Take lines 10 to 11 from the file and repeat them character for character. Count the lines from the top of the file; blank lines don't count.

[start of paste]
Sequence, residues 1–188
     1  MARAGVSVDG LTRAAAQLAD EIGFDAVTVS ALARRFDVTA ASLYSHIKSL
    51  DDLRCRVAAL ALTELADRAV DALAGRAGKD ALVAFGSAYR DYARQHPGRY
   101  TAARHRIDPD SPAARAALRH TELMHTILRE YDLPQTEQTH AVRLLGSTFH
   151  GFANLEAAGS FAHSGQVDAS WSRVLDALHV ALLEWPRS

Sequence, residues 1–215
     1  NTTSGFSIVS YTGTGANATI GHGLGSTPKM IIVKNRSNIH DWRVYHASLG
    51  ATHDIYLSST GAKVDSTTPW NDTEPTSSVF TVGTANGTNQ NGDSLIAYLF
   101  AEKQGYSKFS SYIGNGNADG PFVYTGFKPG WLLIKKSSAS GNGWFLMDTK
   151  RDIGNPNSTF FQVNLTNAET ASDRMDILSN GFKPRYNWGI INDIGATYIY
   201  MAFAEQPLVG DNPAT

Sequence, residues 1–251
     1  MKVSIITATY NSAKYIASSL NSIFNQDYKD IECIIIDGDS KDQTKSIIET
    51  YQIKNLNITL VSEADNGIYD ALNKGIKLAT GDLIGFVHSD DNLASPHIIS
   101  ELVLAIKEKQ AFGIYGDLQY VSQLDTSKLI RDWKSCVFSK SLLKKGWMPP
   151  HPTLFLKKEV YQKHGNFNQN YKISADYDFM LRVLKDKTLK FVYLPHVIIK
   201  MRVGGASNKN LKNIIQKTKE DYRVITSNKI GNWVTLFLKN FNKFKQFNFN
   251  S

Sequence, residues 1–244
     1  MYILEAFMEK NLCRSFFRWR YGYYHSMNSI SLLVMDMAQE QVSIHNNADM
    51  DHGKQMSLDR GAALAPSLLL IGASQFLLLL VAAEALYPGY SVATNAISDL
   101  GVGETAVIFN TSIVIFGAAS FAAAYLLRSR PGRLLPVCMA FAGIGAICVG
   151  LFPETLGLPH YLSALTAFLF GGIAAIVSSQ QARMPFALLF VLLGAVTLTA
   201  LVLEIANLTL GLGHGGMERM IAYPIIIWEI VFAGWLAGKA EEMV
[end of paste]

   151  RDIGNPNSTF FQVNLTNAET ASDRMDILSN GFKPRYNWGI INDIGATYIY
   201  MAFAEQPLVG DNPAT